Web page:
Isenberg School of Management has announced plans to build a massive moat around the perimeter of the building. The trench will serve as a divide between the business students and everyone else who doesn’t really “understand Wall Street.”
Once completed, the moat will drop 31 ft into the ground. Thousands of hungry piranhas will swim through the infested waters. Extremely ill-tempered, the piranhas quickly become enraged at the sight of a wrinkled business suite or lack of previous sales experience.
A drawbridge will be constructed at the entrance to Isenberg, allowing business students safe passage over the moat. In order to walk over the platform, students need to display their LinkedIn headshot.
“The faculty has been working tirelessly to find the perfect password for the drawbridge,” explained the Isenberg department chair. “We want it to be elegant, yet mysterious. Playful with the slight undertone of modern romance, like ‘
UMass students are welcome to apply for the position of “drawbridge troll,” however this is work-study only. Employees will be required to come in on holidays, weekends, and the occasional overnight shift.
“I think Isenberg’s efforts are fantastic,” said Subbaswamy. “Not only are we creating more student jobs, we now have an interactive classroom for our scuba diving course.”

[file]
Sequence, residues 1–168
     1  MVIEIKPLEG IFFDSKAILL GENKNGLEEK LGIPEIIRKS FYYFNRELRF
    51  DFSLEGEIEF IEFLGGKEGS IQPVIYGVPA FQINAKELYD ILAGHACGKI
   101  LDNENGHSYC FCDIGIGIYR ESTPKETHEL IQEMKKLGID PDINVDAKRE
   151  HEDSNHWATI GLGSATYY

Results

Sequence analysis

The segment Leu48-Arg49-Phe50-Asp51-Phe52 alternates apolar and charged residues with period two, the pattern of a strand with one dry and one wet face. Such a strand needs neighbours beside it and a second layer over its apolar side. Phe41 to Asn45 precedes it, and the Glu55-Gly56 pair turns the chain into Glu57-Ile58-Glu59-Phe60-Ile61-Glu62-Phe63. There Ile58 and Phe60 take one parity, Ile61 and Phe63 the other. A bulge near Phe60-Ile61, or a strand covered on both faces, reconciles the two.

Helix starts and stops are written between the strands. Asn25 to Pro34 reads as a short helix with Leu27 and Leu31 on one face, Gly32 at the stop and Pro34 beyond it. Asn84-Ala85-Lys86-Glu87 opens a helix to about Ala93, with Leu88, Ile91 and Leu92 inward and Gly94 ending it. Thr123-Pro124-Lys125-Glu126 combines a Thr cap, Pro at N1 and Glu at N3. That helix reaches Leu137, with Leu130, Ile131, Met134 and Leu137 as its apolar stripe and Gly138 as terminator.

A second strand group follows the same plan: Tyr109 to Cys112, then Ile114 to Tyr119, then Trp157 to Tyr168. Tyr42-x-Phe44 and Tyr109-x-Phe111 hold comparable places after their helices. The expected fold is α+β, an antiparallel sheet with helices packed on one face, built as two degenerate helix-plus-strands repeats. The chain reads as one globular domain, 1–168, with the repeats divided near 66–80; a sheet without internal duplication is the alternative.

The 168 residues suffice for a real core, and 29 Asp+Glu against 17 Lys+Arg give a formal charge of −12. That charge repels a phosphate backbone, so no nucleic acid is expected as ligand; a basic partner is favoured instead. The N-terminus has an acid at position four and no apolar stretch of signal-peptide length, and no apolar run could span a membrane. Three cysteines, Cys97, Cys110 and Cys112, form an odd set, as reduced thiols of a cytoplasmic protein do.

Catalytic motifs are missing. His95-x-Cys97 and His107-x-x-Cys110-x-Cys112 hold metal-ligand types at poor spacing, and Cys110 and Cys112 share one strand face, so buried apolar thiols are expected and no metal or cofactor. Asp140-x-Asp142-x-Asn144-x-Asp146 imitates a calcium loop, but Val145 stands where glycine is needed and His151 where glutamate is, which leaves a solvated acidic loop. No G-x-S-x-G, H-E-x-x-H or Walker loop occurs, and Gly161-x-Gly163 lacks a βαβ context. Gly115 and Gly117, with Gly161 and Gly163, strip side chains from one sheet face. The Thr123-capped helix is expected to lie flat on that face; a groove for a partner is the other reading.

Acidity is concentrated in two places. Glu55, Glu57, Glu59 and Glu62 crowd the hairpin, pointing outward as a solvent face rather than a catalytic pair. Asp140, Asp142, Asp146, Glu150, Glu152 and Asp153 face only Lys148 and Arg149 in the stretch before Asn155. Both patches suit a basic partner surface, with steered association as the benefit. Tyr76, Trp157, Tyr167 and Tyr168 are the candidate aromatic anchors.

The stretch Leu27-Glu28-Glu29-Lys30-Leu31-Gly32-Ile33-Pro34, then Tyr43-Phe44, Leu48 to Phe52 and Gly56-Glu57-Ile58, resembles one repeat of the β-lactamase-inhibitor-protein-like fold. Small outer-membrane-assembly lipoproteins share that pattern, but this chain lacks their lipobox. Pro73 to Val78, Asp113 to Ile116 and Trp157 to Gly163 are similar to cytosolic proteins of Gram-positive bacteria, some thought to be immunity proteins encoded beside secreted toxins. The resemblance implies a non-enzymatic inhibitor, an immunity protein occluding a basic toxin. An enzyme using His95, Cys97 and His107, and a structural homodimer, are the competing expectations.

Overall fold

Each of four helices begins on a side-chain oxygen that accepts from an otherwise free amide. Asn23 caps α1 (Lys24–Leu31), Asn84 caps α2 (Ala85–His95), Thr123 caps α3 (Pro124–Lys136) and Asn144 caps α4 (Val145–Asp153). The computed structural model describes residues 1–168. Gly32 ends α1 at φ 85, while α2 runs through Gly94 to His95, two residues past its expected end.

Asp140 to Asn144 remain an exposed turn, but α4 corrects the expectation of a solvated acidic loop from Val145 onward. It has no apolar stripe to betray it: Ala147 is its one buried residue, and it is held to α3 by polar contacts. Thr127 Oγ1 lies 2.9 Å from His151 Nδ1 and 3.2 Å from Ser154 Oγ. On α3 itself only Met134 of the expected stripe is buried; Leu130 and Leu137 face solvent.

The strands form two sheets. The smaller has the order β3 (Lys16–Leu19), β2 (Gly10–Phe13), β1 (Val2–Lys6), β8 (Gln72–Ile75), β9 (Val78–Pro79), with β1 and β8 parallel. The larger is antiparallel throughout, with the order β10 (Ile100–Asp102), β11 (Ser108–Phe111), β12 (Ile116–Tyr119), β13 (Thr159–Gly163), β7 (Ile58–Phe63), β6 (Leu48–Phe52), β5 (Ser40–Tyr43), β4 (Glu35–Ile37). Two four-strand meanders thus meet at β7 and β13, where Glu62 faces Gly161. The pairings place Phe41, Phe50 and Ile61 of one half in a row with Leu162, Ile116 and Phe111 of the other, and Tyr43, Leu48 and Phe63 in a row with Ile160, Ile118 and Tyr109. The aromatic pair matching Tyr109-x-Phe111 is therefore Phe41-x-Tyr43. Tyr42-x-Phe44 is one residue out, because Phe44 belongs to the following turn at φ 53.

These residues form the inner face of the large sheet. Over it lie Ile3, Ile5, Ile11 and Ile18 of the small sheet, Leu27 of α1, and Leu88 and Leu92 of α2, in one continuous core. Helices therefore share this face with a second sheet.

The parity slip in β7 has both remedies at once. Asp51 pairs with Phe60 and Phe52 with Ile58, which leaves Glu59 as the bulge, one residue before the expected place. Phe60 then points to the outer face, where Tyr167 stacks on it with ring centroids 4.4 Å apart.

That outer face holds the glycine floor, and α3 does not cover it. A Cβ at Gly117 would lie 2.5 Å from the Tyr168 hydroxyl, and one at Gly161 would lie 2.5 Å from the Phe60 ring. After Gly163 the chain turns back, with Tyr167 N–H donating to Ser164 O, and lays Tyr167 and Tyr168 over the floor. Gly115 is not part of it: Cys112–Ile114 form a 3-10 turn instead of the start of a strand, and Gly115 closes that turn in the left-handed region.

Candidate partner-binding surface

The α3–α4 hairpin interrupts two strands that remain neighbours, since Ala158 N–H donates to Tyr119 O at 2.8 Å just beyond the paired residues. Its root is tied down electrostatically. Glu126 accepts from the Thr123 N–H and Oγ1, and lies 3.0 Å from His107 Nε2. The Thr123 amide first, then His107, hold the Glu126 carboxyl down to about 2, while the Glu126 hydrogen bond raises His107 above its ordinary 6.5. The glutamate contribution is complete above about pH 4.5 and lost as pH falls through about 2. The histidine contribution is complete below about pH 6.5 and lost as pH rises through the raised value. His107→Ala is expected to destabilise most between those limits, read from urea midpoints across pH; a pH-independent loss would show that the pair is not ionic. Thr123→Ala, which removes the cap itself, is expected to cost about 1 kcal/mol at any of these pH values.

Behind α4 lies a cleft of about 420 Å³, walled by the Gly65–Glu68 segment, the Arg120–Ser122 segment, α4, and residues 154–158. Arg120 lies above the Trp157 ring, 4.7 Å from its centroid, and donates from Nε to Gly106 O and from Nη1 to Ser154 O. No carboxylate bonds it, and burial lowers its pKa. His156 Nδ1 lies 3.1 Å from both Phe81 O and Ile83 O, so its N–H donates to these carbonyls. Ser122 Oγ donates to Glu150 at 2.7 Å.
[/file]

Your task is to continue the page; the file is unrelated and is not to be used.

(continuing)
The construction surrounding Isenberg has largely been kept secret to the public, but now it all makes sense. With the leaked info, faculty have also announced new standards for prospective students. Each applicant is now required to build a small business empire before they reach 7th grade. Transcripts from early infancy will also be taken into consideration.
“We don’t want to discourage anyone from applying,” said an Isenberg faculty member. “But if a student’s first word wasn’t ‘macroeconomics’ they probably don’t stand a chance.”
Jeff Matthews, Isenberg student and campus Red Bull promoter, was elated when faculty broke the news.
“I’m not going to lie, since we’re the best business school in the Northeast it’s long overdue,” said Jeff, straitening his mint green tie. “I don’t even tell people I go to UMass. I go to Isenberg.”
Understandably, the moat comes with a few setbacks. The trench extends so deep into the ground, it cuts into the Fine Arts Center pipe system. Isenberg faculty is confident that the Fine Art’s Center can find somewhere else to relocate indefinitely, to ensure smooth construction.